India and the West Asian Wars
The realpolitik, religion and proxy conflicts of West Asia are a policy challenge India must navigate deftly
THE RECAPTURE OF ALEPPO by the Assad government in Syria has catapulted the Syrian civil war into every living room in India and elsewhere. The humanitarian horror on TV screens is, however, only the tip of the iceberg of a complex conflict that has deep roots and presents unique dangers to Indian interests, given our geographic proximity and selective dependencies with the region. Unlike many other civil wars with a limited number of factions, Syria is characterised by a mind-numbing array of actors and contests at many levels. Unscrambling their taxonomy is vital if we are to understand their geopolitics, and what it could all mean for India.
In fact, Syria is neither an isolated theatre nor a single war. Rather, it is part of a continuous, interlinked spatial terrain of conflict stretching from the Mediterranean coast all the way up to the Iranian border. Within this space, multiple fierce conflicts have been raging since the ‘Arab Spring’ revolutions in 2011 and the US invasion of Iraq in 2003. Alongside the conflicts in the Syria-Iraq region, there is also a separate but related conflict underway in Yemen.
First, the actors. Four levels, in increasing scales of power and geography, can be identified. Numerous armed non-state actors form the first and lowest level. These include the extremist Sunni Ahrar al-Sham, Jabhat Fateh alSham (till recently, Al Qaeda’s Syria affiliate) and Jaish al-Islam among many others, the moderate Sunni Free Syrian Army, radical Shia militias such as the Sadrist Kataib al-Imam Ali, the Alawite Shabiha, smaller factions of armed Assyrian Christians and Turkomans, and somewhat separately, the Kurdish nationalist PKK, confined to southern Turkey. These militias are small relative to the other actors, often territorially interspersed in byzantine ways, and are typically allied with one or more of the larger players.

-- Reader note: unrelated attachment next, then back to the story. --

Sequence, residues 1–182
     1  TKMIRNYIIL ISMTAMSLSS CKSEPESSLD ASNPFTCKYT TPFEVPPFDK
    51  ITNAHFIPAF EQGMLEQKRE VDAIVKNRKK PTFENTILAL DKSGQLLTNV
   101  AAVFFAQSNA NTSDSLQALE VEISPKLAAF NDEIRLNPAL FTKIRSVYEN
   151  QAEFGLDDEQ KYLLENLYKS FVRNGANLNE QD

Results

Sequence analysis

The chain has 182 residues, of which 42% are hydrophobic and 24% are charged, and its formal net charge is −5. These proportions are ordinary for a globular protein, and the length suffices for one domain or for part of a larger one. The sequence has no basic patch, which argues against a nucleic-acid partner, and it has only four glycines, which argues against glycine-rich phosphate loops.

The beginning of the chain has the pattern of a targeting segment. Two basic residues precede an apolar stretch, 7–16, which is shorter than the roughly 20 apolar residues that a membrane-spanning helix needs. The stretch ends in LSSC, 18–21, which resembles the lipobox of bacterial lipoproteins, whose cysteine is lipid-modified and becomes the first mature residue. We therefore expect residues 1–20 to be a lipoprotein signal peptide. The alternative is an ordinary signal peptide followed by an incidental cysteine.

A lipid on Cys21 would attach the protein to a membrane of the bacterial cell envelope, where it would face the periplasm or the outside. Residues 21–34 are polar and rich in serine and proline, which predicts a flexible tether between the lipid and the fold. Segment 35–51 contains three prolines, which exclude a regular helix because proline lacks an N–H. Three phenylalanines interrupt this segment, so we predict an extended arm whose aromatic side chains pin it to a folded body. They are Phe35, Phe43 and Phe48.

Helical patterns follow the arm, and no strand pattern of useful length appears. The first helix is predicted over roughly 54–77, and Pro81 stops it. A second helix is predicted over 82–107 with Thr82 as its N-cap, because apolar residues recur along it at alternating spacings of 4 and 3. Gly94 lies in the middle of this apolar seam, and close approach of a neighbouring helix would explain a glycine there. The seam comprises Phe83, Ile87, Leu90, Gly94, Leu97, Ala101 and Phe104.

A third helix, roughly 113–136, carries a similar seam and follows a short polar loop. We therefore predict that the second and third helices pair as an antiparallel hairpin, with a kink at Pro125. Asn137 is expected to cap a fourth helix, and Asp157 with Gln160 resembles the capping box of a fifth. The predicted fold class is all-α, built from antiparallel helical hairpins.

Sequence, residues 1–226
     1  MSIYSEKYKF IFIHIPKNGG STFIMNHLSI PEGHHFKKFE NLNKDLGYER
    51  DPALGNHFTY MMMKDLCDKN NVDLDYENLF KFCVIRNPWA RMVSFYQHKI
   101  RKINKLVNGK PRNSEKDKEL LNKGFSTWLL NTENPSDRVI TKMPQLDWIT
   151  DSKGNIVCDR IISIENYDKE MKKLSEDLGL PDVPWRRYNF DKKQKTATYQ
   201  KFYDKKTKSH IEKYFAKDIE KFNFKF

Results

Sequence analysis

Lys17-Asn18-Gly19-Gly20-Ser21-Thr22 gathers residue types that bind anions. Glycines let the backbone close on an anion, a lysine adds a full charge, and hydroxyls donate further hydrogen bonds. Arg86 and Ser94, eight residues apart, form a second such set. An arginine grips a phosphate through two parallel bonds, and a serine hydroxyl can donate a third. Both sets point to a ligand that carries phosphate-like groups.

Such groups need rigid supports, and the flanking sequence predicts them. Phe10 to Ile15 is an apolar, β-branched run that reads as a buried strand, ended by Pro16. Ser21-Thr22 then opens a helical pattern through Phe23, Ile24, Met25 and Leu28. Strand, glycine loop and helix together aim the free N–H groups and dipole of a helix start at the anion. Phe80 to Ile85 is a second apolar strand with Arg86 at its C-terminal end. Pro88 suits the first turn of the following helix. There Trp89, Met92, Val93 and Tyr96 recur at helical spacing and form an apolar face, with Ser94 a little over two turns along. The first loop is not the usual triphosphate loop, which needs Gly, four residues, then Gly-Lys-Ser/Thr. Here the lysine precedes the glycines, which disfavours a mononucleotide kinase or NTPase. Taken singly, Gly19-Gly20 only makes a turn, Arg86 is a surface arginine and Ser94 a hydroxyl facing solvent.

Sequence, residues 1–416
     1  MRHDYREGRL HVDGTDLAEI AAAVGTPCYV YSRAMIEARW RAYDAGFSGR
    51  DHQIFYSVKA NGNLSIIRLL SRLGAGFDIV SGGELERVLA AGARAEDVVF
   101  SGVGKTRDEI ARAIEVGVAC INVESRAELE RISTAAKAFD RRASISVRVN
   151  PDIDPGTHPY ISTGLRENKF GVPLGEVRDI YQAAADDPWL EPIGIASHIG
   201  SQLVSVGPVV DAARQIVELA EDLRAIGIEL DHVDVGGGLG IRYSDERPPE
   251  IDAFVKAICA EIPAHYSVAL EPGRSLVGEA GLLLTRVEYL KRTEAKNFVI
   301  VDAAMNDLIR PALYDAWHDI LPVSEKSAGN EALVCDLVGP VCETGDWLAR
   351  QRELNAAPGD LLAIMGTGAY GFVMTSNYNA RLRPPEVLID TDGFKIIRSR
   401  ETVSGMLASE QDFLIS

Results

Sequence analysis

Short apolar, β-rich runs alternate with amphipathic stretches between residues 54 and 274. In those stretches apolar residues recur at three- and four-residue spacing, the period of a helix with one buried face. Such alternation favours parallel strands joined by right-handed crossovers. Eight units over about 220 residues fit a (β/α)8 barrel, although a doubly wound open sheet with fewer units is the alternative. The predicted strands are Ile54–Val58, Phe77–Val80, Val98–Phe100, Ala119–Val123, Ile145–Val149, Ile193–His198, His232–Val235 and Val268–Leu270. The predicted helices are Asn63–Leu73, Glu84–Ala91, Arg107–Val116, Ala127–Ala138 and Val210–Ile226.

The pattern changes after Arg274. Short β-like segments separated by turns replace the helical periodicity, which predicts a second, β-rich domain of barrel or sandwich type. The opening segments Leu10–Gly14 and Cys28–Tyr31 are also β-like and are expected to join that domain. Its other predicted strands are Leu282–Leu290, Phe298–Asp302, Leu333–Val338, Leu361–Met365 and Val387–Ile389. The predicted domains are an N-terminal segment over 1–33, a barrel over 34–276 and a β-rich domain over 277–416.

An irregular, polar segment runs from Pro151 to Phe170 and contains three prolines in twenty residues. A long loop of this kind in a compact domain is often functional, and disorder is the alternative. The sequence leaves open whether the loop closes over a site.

At the second level are the quasi-states. These are marked by a more stable territorial identity, and occupy a position between the militias and formal nationstates. The key quasi-states are Hezbollah in Lebanon, which has now projected its fighters deep into Syria, the Kurdish statelet of Rojava comprising of three enclaves on the Syrian-Turkish border with its military arm the YPG, the Kurdistan Regional Government in northern Iraq, Daesh (better known to the Englishspeaking world as ISIS), and a rebel zone in Yemen under the control of an alliance of Ansar Allah (also known as the Houthis) and a tribal militia under the powerful ex-president Ali Abdullah Saleh. The quasistates and militias have seen the maximum influx of foreign fighters, such as Shias from Afghanistan and Pakistan and Sunni volunteers from across the world.
At the third level up, we finally get to what are internationally recognised nation-states and regional powers. These include the Assad government in Damascus, now controlling all of Syria’s major cities and much of its western heartland, the Iraqi government of Haider al-Abadi, the official Yemeni government now based in Aden and key regional states of Iran, Saudi Arabia, Qatar, Turkey and Israel. Finally, at the fourth level, four great powers external to West Asia are militarily involved; namely Russia, the United States, the UK and France.